This head was discovered on the island of Anaphe in the Cyclades. It comes from a funerary statue that depicted the deceased wearing a veil. The head was sculpted separately from the body, and then a stone tenon on its base was inserted in a mortise in the bust-a technique that was widely used in the Cyclades and Asia Minor. The high quality of marble sculpting in the late Hellenistic period can be seen in the delicacy of this young woman's face, which is amazingly well preserved.
Discovery on the island of Anaphe
This woman's head came to light in 1823 on the island of Anaphe in the southeastern Cyclades, together with a clothed statue of a woman. The collector Guillaume Alby, who was the French Vice Consul in Santorini, purchased the two pieces. The head became part of the Louvre collection in 1898, as a bequest of Madame Faugère.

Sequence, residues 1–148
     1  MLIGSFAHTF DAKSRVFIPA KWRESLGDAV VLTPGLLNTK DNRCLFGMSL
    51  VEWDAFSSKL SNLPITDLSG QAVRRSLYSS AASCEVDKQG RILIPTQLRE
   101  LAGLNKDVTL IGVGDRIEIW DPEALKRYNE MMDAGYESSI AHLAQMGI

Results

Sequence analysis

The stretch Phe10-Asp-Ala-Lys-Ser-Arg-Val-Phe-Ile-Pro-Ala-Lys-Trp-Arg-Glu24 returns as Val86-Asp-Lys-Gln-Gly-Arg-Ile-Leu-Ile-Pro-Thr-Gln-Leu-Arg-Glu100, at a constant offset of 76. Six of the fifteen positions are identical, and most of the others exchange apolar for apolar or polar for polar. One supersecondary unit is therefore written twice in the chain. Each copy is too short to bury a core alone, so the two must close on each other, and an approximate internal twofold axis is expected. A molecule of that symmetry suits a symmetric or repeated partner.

A veiled young woman
This delicate face with its youthful features is reminiscent of certain early Hellenistic creations from the workshop at Kos. It shows the development of marble craftsmanship in Greece during the second half of the third century BC, and it is evidence of that period's prosperity. The woman is depicted wearing a veil; her eyes are half-open and her thin-lipped mouth reveals a slight smile. Her hair, styled in fine, sinuous plaits, is freed from the veil and forms a halo around her oval face.
A funerary statue
Originally, this head was placed on a funerary statue depicting the deceased. It was sculpted separately from the body, and then a stone tenon on its base was inserted in a mortise in the bust. This technique was widely used in the Mediterranean basin, particularly in the Cyclades and in Asia Minor. The same system was used, for example, for the heads from Tralles and from Apollonia in Epeiros, also in the Louvre collection. In certain cases, the bust was carved ahead of time, and the head was added at the time of death.